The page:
Getting to know the Baritone Guitar

Guitar players are frequently looking for a different, original, deeper or stronger sound/tone. A few years ago the 7-string guitar, popularized by Korn and Limp Bizkit, fit this request but it had such an obvious sound that it is almost impossible to strike a chord and not be a carbon copy of those bands unless you can play like Dream Theater’s John Pettrucci. If you really want to separate yourself from the typical 6- and 7-string crowd, pick up a baritone guitar.

The baritone is not quite a guitar and not quite a bass—it’s a very different animal. Baritone is usually defined as a male voice in the range between tenor and bass. This holds true for the baritone guitar. Its standard tuning falls one half step below the standard guitar. This makes it great for recording—it registers at a different frequency placing you always in the mix. The rich tone and thickness of the guitar itself makes for stunning, shimmering and haunting melodies.

One of the most noteworthy showcases of the baritone guitar sound is heard on The Cure’s classic 1989 album, Disintegration, on which an electric guitar only plays the off-beat chords, while the melodies are played by Robert Smith on a Fender Bass VI baritone guitar. The result is a much spookier sound than you can achieve with a traditional electric guitar.

Other artists who have used this unique guitar's abilities include The Beatles (the White Album), The Church, The Cranberries (most of their beautiful acoustic sounding melody lines are actually the baritone), Cranes, Placebo and my band, Five Star Dive. On our CD Stuck Between These Lines, “Darker Days” uses the baritone exclusively for all guitar and bass tracks. The baritone is a very versatile instrument.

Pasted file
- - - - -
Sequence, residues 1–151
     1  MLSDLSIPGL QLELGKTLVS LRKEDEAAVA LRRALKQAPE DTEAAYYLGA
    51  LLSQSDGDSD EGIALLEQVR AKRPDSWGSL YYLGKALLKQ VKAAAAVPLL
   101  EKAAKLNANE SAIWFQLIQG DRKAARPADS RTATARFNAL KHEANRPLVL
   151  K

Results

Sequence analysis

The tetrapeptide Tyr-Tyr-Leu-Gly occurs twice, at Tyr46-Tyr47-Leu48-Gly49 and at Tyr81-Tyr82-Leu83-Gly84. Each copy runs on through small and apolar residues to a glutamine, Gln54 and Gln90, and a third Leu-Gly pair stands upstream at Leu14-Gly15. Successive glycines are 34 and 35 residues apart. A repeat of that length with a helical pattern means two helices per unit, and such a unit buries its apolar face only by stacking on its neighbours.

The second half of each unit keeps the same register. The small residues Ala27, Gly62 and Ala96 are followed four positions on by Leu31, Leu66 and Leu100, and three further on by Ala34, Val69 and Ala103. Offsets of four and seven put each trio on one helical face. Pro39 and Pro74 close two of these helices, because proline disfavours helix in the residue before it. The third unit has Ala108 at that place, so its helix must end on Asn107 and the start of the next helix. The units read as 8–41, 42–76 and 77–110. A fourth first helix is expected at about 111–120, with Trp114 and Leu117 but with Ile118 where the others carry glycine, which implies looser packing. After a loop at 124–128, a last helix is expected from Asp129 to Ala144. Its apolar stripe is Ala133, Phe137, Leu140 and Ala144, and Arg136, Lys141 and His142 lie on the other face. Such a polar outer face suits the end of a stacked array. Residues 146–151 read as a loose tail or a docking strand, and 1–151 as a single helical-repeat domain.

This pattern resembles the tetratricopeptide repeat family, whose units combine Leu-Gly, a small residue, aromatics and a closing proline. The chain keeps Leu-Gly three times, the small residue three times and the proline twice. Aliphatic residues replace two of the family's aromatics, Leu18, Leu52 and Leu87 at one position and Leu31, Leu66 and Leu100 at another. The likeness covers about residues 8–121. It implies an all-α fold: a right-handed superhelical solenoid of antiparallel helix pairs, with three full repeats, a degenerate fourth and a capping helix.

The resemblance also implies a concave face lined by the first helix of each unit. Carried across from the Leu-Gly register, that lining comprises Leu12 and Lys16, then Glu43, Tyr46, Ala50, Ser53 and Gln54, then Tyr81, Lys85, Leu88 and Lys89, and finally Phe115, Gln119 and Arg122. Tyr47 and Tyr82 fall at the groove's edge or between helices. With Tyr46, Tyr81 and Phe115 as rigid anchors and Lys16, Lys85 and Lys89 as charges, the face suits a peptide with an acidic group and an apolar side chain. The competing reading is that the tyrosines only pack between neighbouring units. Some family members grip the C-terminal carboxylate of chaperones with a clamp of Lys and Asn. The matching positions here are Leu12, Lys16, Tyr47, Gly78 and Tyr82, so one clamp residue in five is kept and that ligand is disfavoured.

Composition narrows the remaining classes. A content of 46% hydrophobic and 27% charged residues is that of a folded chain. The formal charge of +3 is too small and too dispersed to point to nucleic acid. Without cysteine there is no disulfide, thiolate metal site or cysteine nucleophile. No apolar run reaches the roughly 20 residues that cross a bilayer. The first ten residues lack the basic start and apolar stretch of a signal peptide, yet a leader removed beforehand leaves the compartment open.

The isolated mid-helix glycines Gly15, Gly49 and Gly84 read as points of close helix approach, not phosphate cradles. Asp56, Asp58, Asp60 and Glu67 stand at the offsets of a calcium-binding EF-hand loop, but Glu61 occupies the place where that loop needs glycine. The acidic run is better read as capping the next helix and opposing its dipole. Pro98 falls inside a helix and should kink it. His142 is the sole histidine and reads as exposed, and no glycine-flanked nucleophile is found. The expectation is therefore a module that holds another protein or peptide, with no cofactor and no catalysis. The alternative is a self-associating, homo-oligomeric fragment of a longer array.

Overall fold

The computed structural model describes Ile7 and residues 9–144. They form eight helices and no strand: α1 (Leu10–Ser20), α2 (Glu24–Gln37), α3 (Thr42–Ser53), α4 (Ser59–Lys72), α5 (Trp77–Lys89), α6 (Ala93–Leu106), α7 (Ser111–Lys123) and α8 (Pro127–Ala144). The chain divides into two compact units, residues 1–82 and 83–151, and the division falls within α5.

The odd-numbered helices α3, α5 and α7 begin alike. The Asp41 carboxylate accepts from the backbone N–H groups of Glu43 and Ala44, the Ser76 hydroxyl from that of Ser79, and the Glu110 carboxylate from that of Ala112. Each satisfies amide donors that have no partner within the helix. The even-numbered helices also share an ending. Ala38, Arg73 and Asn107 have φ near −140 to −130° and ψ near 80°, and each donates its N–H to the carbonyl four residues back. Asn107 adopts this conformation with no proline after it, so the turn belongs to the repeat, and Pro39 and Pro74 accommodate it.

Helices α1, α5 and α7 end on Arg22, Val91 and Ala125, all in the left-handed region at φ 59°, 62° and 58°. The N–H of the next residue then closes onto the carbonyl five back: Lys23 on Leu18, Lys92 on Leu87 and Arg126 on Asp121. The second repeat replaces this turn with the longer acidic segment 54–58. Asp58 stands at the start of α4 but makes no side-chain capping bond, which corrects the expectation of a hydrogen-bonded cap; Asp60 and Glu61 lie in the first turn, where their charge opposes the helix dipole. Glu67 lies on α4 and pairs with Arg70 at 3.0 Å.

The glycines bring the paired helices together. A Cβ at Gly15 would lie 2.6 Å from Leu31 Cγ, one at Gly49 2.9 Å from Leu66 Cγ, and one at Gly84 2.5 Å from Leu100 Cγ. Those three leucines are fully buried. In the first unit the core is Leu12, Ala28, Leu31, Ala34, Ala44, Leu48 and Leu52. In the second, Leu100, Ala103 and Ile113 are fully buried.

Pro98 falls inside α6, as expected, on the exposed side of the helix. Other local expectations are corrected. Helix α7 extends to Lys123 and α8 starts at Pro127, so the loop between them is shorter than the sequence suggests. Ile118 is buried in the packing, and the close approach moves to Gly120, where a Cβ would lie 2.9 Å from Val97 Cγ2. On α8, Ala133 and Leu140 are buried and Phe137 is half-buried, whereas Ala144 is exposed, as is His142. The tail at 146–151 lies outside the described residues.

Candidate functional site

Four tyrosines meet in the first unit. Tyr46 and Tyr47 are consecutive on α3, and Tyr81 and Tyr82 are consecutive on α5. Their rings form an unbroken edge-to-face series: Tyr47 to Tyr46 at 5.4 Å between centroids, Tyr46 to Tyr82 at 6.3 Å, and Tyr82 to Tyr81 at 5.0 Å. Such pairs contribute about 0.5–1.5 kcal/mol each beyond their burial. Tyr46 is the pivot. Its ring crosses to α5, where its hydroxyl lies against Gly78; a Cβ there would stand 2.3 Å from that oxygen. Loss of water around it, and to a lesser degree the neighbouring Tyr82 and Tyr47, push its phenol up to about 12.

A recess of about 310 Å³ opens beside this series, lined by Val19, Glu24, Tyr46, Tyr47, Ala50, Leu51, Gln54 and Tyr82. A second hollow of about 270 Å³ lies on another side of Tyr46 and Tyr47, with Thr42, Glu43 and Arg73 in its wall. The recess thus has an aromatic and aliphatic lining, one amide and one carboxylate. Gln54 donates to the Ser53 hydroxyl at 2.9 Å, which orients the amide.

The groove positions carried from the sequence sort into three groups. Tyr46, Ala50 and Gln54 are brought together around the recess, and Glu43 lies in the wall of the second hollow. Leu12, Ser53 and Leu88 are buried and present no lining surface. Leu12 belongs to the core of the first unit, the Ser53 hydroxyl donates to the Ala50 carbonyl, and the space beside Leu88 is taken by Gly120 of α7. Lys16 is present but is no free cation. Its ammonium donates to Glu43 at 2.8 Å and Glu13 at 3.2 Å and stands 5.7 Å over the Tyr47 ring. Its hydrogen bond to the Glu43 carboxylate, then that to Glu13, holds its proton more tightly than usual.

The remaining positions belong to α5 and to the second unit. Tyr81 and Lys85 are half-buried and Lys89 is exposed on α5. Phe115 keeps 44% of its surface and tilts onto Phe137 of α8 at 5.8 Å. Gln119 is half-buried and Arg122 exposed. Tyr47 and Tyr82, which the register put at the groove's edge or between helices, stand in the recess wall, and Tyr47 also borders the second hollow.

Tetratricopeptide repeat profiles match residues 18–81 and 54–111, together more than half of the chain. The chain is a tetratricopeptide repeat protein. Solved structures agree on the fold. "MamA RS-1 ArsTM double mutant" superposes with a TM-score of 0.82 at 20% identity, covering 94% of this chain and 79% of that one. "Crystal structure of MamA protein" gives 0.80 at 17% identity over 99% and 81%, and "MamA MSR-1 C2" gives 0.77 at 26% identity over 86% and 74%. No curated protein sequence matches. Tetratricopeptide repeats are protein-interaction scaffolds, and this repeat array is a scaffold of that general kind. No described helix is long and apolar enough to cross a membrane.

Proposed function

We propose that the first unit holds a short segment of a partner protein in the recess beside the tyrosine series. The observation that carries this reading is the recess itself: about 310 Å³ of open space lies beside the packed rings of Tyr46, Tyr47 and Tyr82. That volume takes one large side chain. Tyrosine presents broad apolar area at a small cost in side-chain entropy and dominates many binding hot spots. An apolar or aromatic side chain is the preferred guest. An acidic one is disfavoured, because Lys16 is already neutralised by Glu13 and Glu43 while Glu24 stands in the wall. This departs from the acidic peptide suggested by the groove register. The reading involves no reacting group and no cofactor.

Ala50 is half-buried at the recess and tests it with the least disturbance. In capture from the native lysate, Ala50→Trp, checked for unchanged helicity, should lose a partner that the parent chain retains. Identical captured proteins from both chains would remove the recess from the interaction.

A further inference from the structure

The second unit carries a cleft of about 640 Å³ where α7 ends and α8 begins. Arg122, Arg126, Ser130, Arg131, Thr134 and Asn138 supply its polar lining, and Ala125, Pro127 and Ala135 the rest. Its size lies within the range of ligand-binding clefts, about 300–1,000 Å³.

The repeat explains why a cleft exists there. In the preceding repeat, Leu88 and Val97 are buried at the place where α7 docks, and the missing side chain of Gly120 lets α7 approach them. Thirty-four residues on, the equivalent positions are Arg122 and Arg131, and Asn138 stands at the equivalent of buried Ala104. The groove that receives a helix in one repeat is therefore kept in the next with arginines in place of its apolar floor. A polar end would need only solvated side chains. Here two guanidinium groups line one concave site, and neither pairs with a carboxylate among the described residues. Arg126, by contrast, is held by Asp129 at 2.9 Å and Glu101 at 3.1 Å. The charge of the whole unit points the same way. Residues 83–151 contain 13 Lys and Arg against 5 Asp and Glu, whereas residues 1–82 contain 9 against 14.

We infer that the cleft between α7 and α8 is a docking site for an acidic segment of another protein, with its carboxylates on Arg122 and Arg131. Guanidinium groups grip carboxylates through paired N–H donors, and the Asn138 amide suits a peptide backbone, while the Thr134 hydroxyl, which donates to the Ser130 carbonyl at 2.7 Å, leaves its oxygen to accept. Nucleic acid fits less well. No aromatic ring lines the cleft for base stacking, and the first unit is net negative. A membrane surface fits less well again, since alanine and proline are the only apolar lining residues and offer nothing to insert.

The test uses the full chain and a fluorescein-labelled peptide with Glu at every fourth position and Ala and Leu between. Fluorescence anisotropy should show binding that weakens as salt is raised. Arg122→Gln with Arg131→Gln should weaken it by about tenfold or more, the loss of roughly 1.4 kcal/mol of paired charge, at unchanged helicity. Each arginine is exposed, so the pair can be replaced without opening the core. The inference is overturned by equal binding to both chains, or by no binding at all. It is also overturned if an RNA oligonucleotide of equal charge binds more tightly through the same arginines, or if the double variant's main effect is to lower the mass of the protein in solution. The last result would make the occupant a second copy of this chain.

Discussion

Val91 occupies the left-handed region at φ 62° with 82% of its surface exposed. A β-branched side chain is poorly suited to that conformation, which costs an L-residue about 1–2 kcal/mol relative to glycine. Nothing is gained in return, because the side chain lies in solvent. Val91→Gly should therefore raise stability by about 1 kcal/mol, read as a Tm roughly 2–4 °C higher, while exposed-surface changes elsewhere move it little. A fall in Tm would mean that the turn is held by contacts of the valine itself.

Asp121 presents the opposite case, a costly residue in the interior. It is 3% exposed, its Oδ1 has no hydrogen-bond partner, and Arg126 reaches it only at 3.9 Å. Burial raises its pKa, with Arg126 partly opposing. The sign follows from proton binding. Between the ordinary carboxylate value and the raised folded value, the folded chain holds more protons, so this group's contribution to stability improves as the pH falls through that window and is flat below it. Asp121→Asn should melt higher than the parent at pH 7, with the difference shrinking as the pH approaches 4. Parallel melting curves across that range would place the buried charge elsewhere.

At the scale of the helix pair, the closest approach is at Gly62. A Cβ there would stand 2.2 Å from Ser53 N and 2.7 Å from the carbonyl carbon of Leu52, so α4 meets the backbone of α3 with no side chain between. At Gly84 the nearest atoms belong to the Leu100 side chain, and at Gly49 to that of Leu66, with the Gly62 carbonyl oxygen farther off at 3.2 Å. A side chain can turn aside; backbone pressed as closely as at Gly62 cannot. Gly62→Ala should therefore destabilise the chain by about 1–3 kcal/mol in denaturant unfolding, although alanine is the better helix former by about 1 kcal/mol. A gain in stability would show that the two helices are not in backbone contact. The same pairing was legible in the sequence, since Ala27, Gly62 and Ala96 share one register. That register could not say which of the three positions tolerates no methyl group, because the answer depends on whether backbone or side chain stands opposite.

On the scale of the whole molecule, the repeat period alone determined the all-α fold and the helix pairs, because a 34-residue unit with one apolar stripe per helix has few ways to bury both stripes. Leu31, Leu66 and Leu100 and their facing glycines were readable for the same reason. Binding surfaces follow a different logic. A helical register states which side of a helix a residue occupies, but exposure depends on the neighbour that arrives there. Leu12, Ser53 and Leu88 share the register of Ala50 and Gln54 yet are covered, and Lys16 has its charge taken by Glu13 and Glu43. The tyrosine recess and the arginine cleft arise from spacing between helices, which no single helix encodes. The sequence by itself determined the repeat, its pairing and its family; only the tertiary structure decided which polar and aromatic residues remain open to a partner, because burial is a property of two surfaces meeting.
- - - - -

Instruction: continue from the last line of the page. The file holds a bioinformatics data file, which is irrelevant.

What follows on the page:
You can play a baritone guitar through either a bass rig or a guitar rig. I have kept the same set-up from day one—a Marshall head into a 4 x 12 cabinet. The Cure’s Robert Smith achieves his unique sound by running the Fender VI through an early '80s Peavey Ultra head into a 4x12 cabinet. His personal settings for the head: remove the mids, set the bass half and the treble completely turned up. Keep in mind that the baritone guitar you choose will directly impact your overall tone and richness, so be sure to experiment.

Running the baritone through effect pedals (I prefer guitar pedals over bass) such as a chorus with delay will give you a deep, beautiful sound to play with. Instead of using a chorus pedal or pitch shifter to fatten up a thin-sounding guitar melody, play a baritone and use for a doubled effect over your regular guitar melody, or as your main choice for all melodies. You will be surprised at how amazing and unique your songs become.

Numerous companies make baritone guitars. Fender currently makes a few including a reissue of the “classic” Bass VI (1961-1975) and a Jaguar baritone. Gibson makes one in the SG shape, Gretsch features a baritone with a Bigsby tremolo, and Schecter sells a baritone designed by Smith himself. I own and play a Musicman baritone. Finally, Steinberger recently released a unique guitar—it’s a baritone with a built-in rolling capo that transforms it into a standard guitar ... sounds like a great tool to add as a secret weapon for your home studio.

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